The Twenty-third Sunday after Pentecost, Proper 25, 23 October 2016

The Rev. Stephen Shaver
The Twenty-third Sunday after Pentecost, Proper 25, 23 October 2016

Jeremiah 14:7-10, 19-22
Psalm 84:1-6
2 Timothy 4:6-8, 16-18
Luke 18:9-14

+ + +

It’s been said that there are two kinds of people in the world: those who divide the world into two kinds of people, and those who don’t. 1

Consider the Pharisee for a moment. He is not the bad guy in this parable. If we write him off as the cartoon villain in the black cowboy hat we miss the entire point of the story. He is, in fact, a very good guy. He’s not a hypocrite: there is no reason whatsoever to believe what he says about himself is anything other than true. He really does pray the prayers and fast the fasts and give away his money. He really doesn’t cheat or steal or commit adultery. This is a pious, faithful person who’s put in a lot of time and discipline to cultivate some very real virtues. If you met him today on the streets of Berkeley, maybe he’d be the one who buys local, eats organic, runs marathons, and volunteers for a couple of admirable nonprofits, all while regularly donating to public radio.

It’s also not clear that the tax collector is particularly good in this parable. In his place and time, being a tax collector means earning your living by essentially shaking down your fellow countryfolk for money and sending a prescribed amount to the Roman colonial occupiers. The more you successfully shake loose from your fellow Jews, the more you get to keep. He’s something like an officially sanctioned small-time racketeer shaking down his neighbors for protection money. There’s a reason tax collectors were not particularly popular.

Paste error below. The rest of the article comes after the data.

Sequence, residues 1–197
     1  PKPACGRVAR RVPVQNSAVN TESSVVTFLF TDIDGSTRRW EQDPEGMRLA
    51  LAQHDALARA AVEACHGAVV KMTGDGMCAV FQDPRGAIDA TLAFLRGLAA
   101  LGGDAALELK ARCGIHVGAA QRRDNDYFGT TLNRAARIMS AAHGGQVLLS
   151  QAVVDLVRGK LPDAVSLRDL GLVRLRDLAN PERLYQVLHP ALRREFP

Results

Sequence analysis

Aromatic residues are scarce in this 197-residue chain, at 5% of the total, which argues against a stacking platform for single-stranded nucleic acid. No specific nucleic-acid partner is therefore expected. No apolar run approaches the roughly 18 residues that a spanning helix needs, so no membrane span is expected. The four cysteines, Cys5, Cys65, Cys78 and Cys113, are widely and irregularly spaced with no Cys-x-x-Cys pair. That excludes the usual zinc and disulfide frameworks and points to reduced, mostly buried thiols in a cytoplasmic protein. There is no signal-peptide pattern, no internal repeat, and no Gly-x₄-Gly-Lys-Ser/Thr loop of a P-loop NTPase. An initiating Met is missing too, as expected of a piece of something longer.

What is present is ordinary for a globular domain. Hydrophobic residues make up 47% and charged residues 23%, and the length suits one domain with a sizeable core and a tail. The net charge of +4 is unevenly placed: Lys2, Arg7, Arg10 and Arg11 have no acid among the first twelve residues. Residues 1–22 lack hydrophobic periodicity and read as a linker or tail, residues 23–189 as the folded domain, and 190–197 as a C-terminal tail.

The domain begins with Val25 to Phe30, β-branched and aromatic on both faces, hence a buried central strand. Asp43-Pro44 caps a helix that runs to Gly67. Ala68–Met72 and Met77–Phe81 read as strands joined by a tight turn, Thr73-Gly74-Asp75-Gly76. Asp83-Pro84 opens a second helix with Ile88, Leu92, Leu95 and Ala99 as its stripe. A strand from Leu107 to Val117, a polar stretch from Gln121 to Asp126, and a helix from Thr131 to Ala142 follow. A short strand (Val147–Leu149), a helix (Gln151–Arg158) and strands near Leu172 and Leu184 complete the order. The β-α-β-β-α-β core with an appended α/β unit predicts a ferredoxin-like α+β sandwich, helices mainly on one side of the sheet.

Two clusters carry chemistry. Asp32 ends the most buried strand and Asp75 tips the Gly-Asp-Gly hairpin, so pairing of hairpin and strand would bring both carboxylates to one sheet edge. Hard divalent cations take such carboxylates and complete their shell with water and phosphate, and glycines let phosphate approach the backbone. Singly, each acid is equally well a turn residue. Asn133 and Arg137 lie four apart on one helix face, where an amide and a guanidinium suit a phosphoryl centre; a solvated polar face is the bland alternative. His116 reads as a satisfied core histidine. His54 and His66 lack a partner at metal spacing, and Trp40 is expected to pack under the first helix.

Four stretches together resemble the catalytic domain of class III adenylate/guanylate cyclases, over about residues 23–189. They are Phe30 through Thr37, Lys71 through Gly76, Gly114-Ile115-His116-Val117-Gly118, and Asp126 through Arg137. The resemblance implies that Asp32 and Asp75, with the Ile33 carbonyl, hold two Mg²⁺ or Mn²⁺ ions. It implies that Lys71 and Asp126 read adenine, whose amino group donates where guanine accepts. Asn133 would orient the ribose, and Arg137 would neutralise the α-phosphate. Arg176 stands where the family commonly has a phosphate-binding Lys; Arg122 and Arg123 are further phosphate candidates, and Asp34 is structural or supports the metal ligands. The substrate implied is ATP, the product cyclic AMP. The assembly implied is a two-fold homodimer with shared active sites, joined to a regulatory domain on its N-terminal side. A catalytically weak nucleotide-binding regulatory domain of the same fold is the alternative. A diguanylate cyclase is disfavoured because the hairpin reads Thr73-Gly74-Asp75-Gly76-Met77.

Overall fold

What does seem clear is that this tax collector has at least one moment of clarity as he stands before God. “God, be merciful to me, a sinner.” Does that mean he reforms his extorting ways after he goes back down to his house redeemed? Maybe. Next Sunday we’ll hear not a parable but an actual episode from Jesus’ ministry about a tax collector named Zacchaeus who does just that. But in this parable we really have no idea. It seems that’s really not the point. In this story Jesus doesn’t seem to insist that the tax collector put his money where his mouth is and show some real change in order to get forgiven. It just happens, because he asks. It’s as if to say, of course: That’s what God does! That’s the kind of ridiculously generous God God is, willing to be taken advantage of, to forgive dozens and hundreds of times; the God of the Prodigal Son story who’s constantly looking for any opportunity at all to get back into relationship with a beloved child. The fact the tax collector gets God’s forgiveness is not actually the point of the parable. It’s not meant to be the surprise. The question instead is—how on earth did this Pharisee manage to get out of the temple without it?

I’m going to hazard a guess that there are two reasons. The first is that he doesn’t actually seem to see any need for it. He doesn’t ask for any grace or mercy because as far as he can see there’s nothing wrong with him, no need for self-examination, no room to grow. And the second is maybe even more significant: it’s that he defines himself not by who he is, but by who he isn’t. “I thank you, God, that I’m not like other people—all those thieves and rogues and adulterers—or even like, say, this tax collector over here.” Thank you, not for who I am, your beloved child, but for who I’m not.